Shigekazu Kusumoto professor

My present speciality is tectonophysics, including volcanic activity, and I am interested in the formation processes of tectonic basins, collapse caldera, and lava domes. I have investigated these processes by observation, analytical studies, and numerical simulation. By collaborative studies, I have investigated the formation and/or propagation processes of dikes on the basis of fracture mechanics and the estimation and evaluation of the deformation zones of sedimentary layers and areas created by the motion of buried faults. Students in my lab have estimated subsurface structures around active faults and mud volcanos by geophysical prospecting (for example, gravity surveys) and monitored crustal movements caused by volcanic activity through geodetic surveys, including leveling and gravity. To clarify the sources of these phenomena and structures, we have used two software products in particular: ITASCA’s particle flow code (PFC), based on the discrete element method, and Ansys's ANSYS, based on the finite element method.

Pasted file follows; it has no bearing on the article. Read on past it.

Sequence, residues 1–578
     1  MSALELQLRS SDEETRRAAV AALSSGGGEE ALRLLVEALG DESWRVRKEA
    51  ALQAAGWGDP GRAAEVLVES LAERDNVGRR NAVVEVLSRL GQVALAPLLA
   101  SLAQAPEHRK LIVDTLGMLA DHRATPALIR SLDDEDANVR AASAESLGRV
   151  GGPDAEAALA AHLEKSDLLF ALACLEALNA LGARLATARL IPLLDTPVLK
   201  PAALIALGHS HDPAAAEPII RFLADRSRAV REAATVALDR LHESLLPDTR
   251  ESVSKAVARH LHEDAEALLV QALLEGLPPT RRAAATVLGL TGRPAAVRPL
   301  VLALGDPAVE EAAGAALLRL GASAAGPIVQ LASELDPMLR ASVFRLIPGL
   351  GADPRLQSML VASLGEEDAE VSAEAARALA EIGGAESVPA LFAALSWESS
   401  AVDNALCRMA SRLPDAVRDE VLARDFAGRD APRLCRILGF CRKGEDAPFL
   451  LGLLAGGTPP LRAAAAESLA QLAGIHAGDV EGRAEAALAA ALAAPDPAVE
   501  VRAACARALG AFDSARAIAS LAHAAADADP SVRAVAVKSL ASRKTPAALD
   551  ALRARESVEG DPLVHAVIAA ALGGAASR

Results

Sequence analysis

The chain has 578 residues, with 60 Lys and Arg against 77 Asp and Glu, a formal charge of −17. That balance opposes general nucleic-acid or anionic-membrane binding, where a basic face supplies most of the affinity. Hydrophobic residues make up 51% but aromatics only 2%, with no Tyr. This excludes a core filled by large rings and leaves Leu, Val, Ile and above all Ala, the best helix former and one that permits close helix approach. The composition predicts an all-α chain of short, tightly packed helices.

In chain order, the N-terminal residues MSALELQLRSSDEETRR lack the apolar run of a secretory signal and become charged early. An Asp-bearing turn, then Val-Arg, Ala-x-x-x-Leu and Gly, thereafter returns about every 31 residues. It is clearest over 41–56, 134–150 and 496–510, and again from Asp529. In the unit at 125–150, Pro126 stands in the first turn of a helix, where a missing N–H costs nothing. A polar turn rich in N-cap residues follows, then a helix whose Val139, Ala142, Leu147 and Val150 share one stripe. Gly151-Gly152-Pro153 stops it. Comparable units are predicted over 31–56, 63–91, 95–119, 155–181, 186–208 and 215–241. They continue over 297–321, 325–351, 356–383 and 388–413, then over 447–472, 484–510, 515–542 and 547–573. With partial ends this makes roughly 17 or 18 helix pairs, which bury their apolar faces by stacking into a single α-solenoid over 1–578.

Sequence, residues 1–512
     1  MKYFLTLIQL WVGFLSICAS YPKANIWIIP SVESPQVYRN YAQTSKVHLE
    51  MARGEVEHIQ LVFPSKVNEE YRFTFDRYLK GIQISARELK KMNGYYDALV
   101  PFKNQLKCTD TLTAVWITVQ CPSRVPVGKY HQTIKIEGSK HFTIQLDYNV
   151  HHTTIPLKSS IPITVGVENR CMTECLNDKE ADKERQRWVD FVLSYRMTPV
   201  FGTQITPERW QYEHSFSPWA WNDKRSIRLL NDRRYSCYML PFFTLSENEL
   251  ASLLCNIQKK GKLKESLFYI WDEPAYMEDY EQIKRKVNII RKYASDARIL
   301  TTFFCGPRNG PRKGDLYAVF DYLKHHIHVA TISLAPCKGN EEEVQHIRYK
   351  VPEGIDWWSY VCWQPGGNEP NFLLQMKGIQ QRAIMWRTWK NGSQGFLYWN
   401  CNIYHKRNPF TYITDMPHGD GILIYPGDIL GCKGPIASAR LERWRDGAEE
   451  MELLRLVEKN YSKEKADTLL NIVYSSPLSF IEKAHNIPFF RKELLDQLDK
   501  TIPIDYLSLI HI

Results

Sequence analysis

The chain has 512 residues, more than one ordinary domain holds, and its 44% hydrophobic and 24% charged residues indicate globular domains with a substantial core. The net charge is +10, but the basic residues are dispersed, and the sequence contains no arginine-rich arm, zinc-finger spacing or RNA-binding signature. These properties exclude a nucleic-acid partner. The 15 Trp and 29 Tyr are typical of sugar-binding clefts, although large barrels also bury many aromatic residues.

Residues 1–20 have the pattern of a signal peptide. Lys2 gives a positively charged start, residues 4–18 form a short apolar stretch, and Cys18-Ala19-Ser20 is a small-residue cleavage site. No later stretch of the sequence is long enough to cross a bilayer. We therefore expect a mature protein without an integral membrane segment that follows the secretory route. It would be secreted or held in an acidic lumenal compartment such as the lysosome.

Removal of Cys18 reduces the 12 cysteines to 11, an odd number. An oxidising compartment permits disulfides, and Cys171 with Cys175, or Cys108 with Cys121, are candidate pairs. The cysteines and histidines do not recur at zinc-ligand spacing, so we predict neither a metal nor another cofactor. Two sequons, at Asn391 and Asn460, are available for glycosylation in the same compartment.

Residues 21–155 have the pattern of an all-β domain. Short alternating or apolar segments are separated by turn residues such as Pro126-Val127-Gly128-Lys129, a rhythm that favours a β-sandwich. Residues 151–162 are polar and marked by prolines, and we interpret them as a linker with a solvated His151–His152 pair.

Yosikazu Isikawa Visiting Professor

My group studies the solid-state physics of intermetallic compounds, including compounds of rare-earth metals that form magnetic materials, superconductive materials, and semimetals under high pressure and low temperature. Our research topics include valence fluctuation phenomena, Kondo systems, heavy fermion materials, and strongly correlated electron physics. The compounds that we study are synthesized as a single crystal form by Czochralski method or flux method in our own laboratory.


  Our international students who earned PhD degrees are now working as post-doctoral scholars at Hiroshima University in Japan and the Max-Planck Institute in Germany and as professors at Shanghai University, Hangzhou Dianzi University, and the Chinese Academy of Sciences in China. We welcome students who wish to embark on similarly successful international careers.

Meet one of our visiting scientists

"Gain Unique Experience in Spectroscopy Studies at the Gofuku Campus"